Italian spa manufacturer Starpool’s Zerobody Dry Float is technically a waterbed, though not truly a mattress—more of a high-tech wellness device you’d find at a next-gen spa.

Italian spa manufacturer Starpool’s Zerobody Dry Float is technically a waterbed, though not truly a mattress—more of a high-tech wellness device you’d find at a next-gen spa.

In the waterbeds-you-can-actually-sleep-on (and afford) realm, more recent design innovations have had more to do with materials, breathability, and range of motion. Though early manufacturers added components like built-in heating and motion-reducing baffles (the latter leading to the creation of the hybrid category), many waterbed mattresses now have more personalizable features, like the ability to make one side of the bed warm while the other side is cool, or to change firmness and customize movement. For example, iZone™ by Boyd Flotation mattresses are divided into several "independent zones" on each side, meant to take pressure point relief to a whole new level. The hybrid mattresses incorporate a combination of water, air, and gel memory foam, and use mesh perimeters to enhance the beds’ breathability. Some other waterbed mattresses feature antibacterial bamboo fabrics that offset worries of unwanted microbe growth from skeptics hung up on the combination of wetness and warmth. "Temperature control is a big topic in sleep comfort today, whether it’s the bed, mattress protector, sheets, pillows, or even room temperature," says Hardman.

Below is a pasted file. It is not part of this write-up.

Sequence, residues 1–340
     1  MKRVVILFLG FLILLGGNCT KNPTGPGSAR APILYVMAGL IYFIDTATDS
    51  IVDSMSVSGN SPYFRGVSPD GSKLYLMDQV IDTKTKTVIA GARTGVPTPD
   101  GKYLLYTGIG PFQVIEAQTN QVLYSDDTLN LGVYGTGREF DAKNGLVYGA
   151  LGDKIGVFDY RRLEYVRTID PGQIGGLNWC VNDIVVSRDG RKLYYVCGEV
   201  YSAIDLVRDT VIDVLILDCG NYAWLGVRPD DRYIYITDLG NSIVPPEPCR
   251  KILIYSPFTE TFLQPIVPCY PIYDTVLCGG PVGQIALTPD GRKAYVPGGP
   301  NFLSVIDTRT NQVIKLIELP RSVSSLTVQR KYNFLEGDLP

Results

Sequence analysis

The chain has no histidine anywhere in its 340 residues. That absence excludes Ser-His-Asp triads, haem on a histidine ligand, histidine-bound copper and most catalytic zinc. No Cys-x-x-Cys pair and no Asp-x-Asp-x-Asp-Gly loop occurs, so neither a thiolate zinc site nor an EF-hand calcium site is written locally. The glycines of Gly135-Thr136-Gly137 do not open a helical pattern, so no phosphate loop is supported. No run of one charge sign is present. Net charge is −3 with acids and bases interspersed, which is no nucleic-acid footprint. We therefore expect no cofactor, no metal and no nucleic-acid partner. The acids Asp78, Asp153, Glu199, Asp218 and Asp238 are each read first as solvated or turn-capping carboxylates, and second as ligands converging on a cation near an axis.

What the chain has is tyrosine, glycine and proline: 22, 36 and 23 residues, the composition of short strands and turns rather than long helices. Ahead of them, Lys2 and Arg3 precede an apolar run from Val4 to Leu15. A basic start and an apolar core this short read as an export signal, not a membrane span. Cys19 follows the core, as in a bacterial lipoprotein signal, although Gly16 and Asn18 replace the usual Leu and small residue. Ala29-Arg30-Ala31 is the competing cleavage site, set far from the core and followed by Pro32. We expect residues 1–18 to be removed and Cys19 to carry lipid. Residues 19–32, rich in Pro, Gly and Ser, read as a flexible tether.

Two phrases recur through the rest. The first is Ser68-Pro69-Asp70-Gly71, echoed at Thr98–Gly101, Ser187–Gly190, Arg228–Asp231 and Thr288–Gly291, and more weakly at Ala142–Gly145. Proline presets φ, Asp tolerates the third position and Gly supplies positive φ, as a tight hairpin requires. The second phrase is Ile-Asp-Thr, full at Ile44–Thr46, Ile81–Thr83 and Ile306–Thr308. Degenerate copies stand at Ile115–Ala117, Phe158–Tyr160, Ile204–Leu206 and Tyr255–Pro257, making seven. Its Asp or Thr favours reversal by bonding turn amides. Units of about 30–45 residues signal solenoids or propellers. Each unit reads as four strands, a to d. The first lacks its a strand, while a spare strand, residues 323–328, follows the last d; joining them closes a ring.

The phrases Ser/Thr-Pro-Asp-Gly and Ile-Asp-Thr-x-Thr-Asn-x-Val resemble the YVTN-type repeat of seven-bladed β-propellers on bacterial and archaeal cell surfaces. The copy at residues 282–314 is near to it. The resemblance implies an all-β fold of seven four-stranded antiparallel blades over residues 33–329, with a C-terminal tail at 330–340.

The full-wave, hardside mattress is typically what people think of when they hear "waterbed." It’s filled with fluid with a vinyl liner and requires a solid bed frame to stay in its shape. Apparently my family’s commitment to this traditional style runs deep, but Hardman says most buyers now opt for designs that limit motion and can maintain their shape without a solid bed frame—what’s called the softside mattress. "Several decades ago, it was predicted that 20 percent of waterbed sales would be made in softside beds and I remember thinking that would never happen," Hardman says. "But today softsides account for almost 100 percent of sales."

We’ll have to see out the decade to know whether the waterbed will actually have its comeback, and if so, in what form, but after almost 50 years in the bed business, Hardman says: "I still think the waterbed is the best bed that’s ever been invented." And they’re only getting more sophisticated.

Samantha Leon
Samantha Leon is a writer from Pittsburgh, Pennsylvania.